How to live Credit Card free in 2021
Posted January 2020 by Melissa Abraham-Smith
6 Tips for eliminating debts and living life stress-free...
A new year often comes with new financial resolutions.
If you’re one of the many Kiwis across the country who has decided to finally cut up the credit cards this year, we’re here to help. Today we’re sharing some top tips for ways you can start living your best financial life without debt slowing you down.
- How to create a budget (and stick to it!)
- Why it’s important to set up an emergency fund
- Alternative forms of financing
Let’s get cracking…
1. Create a budget and stick to it
You’ve probably heard this one before...
Budgets allow you to monitor your weekly ingoings and outgoings, as well as identify any money left over after bills and expenses are paid. This can help you put extra money into an emergency fund or savings account instead of letting it evaporate into thin air.
Budgeting is easy when you use our free guide & template!
2. Set up an emergency fund
Emergency expenses can pop up at any time.
They could be from the loss of a job, car repairs, or vet bills for your fluffy friend.
Whatever the reason, emergency expenses give you little to no warning or opportunity to save, so you’re often forced to pull out your credit card in order to pay whether you can afford to or not.
That’s why an emergency fund is so useful. Building one is as simple as putting $5, $10, or even $15 away into a high-interest savings account each week until you have a reserve that’s large enough to comfortably support yourself if you were to be without income for three to six months.
3. Use a debit card
Are you still holding onto your credit card out of convenience?
If so, it might be time to change things up!
The days of needing a credit card to shop online are long gone, with the likes of visa debit cards offering a smarter, more savings-savvy way to shop without the risk of ending up in debt.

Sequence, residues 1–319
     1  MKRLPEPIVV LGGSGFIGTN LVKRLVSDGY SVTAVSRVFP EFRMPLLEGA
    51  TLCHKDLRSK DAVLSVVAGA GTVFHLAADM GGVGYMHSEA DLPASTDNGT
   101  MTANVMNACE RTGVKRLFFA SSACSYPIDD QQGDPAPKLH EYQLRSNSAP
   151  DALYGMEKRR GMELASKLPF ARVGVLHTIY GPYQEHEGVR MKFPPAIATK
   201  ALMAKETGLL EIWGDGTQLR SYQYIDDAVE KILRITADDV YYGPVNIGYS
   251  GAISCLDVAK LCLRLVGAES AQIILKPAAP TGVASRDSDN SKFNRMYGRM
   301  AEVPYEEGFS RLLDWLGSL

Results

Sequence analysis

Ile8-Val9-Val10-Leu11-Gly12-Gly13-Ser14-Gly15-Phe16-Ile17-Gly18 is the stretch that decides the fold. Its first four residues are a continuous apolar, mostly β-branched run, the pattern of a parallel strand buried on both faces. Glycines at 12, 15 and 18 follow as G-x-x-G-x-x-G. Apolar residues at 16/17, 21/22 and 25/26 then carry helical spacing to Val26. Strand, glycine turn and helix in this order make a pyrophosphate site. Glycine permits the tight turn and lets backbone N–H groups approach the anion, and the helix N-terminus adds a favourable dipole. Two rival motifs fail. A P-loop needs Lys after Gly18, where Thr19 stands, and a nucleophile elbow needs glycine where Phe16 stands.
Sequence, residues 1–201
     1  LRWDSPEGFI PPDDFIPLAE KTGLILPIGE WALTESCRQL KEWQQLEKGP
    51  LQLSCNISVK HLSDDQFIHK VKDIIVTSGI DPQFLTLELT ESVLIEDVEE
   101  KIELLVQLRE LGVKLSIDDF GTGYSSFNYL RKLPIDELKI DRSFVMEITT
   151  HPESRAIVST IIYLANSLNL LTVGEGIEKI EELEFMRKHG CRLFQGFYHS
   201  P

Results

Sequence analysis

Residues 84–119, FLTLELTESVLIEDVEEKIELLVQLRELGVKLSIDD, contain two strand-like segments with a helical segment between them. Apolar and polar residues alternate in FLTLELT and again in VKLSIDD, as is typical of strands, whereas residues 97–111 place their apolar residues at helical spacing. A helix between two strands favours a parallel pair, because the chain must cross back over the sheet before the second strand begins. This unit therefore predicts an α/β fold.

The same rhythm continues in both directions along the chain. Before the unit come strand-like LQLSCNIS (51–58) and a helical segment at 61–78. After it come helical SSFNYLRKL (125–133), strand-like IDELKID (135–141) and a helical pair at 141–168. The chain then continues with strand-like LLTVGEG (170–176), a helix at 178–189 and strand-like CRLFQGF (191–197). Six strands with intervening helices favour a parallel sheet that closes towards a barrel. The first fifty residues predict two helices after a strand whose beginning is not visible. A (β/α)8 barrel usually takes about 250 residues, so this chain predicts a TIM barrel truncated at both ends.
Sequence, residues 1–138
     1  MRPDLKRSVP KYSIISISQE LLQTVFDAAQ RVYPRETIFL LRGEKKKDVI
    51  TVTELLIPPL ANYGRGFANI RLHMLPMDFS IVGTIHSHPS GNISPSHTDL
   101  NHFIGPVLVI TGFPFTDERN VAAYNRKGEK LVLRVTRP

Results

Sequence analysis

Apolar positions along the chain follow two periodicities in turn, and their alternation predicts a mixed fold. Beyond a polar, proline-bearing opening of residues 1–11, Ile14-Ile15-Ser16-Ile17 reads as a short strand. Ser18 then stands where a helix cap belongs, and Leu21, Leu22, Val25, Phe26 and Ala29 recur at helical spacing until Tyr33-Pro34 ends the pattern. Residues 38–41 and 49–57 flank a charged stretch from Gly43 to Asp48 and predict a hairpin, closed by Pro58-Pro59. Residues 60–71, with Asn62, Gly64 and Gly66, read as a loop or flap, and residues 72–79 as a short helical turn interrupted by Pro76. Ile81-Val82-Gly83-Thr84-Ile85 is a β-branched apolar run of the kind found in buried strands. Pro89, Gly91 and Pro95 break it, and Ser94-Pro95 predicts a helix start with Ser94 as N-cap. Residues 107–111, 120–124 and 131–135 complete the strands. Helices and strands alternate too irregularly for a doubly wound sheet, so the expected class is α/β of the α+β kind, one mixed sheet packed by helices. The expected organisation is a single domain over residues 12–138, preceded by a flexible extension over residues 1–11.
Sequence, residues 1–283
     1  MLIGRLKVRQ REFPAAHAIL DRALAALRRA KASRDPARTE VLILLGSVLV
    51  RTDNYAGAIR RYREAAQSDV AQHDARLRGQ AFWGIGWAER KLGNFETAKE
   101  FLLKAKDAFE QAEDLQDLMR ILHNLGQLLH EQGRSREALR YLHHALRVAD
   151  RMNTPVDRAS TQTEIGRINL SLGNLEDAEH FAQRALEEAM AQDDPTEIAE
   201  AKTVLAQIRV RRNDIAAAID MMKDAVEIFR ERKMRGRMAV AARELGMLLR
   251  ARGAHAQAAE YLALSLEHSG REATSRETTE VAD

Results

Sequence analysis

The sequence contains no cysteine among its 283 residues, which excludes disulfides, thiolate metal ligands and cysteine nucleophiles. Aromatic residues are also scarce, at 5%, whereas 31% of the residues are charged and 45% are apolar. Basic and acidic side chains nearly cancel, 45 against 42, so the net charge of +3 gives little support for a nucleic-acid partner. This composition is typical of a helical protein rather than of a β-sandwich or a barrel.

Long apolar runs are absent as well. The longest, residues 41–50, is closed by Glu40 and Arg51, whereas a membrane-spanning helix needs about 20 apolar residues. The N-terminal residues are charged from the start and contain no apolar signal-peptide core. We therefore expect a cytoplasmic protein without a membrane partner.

Debit cards only use the funds that are available in your account, so there’s no risk of spending money you don’t have. There are also no interest charges, only the one, small annual card or account fee. It’s that simple!
4. Track what you spend
This one goes hand-in-hand with creating your budget.
Tracking what you spend is a great way to keep yourself financially accountable.
Are you a prodigious spender? Tracking where your money goes each week can help you identify any unnecessary expenses you may be forking out for - like subscriptions you no longer use.
An easy way to do this is to print off your account balance and highlight any unnecessary amounts that could be tucked away to help you save a little more each month.
5. Utilise interest-free payment options
Credit cards are still a great way to get something now and pay for it later.
However, going into debt to do so isn’t always a smart idea.
These payment options still allow you to make your purchase, instead of paying it off across a series of equal weekly or fortnightly payments all while avoiding the debt and high-interest repayments that come with credit cards.
6. Take out a personal loan
Sometimes you need a little extra cash.
Whether it’s to fill the gaps or help with a big purchase, a personal loan may be the way to go.
With options for both secured and unsecured loans, a personal loan often comes with low interest rates and fees so you can pay back the loan amount quicker instead of just paying the accumulating interest as you would on a credit card.
Mindful spending is your key to living a debt-free life
Living credit card free may seem impossible, but with a few of today’s financially savvy savings practices in place, you’ll be well on your way to cutting up your credit card and living your best financial life in the years to come.
Want to know your options?
Try our personal loan calculator.